In the fall of 2018, PVAC’s rescue team was onsite at midnight to coordinate an overnight rescue transport. Keely along with Barbara Guerra, one of our other board members, organized a transport for dozens of kittens that had been in their care for months. Keely and Barbara nursed them to healthy weights and continued to house them until their lifesaving ride came along. In the middle of the night, in the middle of the work week Keely was on property, seeing her foster kittens’ journeys all the way to the happy end. 

Animal welfare is a way of life. It is sometimes even a family calling. Keely’s husband is a full participant assembling cat condos, gathering financing for rescue organizations, and helping to bottle feed the vulnerable kittens his wife brings home. Keely’s daughter is an adoption counselor at the Laurie P. Andrews PAWS Center.

When the Board of Directors voted in favor of TNR, Keely’s joy nearly brought her to tears. When I spoke with her after the historic vote, one of her immediate thoughts was for our staff and the hope that TNR would bring. The bright future is a sharp contrast to the past. As Keely put it, “it was so hopeless back then, I don’t know where the staff finds their strength.” 

After I asked what it has been like to be such a prolific foster home for our cats, she said without skipping a beat, “It has increased the joy in my life incredibly.”

Izzy - Sarah Kowalski

 
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Sarah Kowalski began her life in animal welfare as a volunteer for PVAC/PAWS. On March 17, 2018 when a job opened up at PVAC she pounced on it. She did not know where the job would lead, but she knew she loved animals. During her first week at PVAC, she walked through the cat rooms in the back of the facility. In one of the kennels she met a sad looking female cat with a mass on her belly. Initially the fear was that the mass was a tumor. After further examination, it was discovered that the mass was actually a pregnancy. Due to her fragile state, “Izzy” would not thrive in the shelter environment. Sarah could not bear the thought of Izzy staying at the shelter, so she offered to foster the poor stray.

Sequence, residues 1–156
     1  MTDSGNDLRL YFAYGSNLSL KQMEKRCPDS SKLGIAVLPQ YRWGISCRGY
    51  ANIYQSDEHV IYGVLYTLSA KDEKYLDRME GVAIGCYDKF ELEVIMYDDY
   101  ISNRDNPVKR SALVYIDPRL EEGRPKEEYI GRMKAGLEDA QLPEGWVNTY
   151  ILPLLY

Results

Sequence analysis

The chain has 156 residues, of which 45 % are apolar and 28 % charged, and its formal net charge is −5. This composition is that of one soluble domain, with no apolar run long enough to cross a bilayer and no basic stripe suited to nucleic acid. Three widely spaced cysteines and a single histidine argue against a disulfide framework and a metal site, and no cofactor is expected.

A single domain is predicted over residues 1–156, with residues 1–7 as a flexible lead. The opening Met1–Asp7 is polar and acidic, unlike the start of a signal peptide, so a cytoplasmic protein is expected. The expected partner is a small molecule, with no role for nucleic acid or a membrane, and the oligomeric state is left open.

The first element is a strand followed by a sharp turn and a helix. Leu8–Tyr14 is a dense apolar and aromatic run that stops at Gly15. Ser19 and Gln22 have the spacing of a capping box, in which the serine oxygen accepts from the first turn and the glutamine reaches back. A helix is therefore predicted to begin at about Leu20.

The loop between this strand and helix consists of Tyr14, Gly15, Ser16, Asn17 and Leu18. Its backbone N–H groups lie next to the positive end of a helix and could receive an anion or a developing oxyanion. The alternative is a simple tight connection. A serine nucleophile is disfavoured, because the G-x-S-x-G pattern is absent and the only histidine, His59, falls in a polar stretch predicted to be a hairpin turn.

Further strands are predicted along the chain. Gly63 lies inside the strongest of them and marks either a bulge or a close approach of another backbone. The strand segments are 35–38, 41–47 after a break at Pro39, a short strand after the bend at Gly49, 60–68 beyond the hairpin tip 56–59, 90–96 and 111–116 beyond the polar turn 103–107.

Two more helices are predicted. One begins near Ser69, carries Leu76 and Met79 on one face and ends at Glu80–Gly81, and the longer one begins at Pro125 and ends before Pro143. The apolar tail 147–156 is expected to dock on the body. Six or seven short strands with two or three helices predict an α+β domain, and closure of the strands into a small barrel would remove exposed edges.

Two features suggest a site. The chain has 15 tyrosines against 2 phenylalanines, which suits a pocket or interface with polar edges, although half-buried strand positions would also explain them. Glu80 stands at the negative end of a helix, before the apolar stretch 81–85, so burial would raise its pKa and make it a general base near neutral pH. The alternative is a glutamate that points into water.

After Sarah brought Izzy home she took her to see a vet. It turned out that Izzy was pregnant with 4 kittens and was suffering with a hernia which made her shape very lopsided. Sarah paid for the hernia surgery, and then continued to foster Izzy and her 4 kittens for several months. When the kittens were old enough, Sarah took the family to the adoption floor at PAWS. Within a week, all of the kittens were adopted but Izzy was left behind.

Whenever Sarah went to PAWS she would see Izzy there, waiting for someone to take her to her forever home. On one of these visits to PAWS she noticed Izzy no longer on the adoption floor. Izzy had been moved to the medical isolation area with another suspected hernia. Sarah took Izzy home that day and paid for a second surgery. At that point she just could not give Izzy back. Izzy now lives a pampered life in her own sunroom.

 
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Izzy began Sarah on her path in animal welfare. Sarah is a rescue coordinator at PVAC. Although her primary focus is on getting cats out of the shelter through rescue, she has also helped dozens of dogs find their second chance when all hope and all time seemed to have vanished entirely. Sarah networks, fosters, and transports cats out of PVAC. As a part of our rescue team, Sarah has also driven thousands of miles on rescue transports sending hundreds of cats and dogs to safety. 

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From the Board of Directors, to the staff, to our rescue partners, there are dozens of people dedicating their lives to saving the homeless cats at PVAC. With TNR arriving, their dedication will soon be even more impactful than ever before.  In 2018 alone, over 11,000 cats entered our facility. This year PVAC has already received more than 3,000 cats and now that kitten season here, our intake will continue to rise significantly.

We need adopters, rescues, volunteers, and fosters for our cats. Please contact us today to join in the effort to save these beautiful and innocent creatures.

 
 



-Luis Emilio Quintanilla


Palm Valley Animal Center receives thousands of cats and dogs every year. Our daily efforts to save these homeless animals are made possible by the generosity of individuals and businesses in our community. Please click the link below to join us in our efforts to make The Rio Grande Valley a safer place for our animals.

 
 























































Luis Quintanilla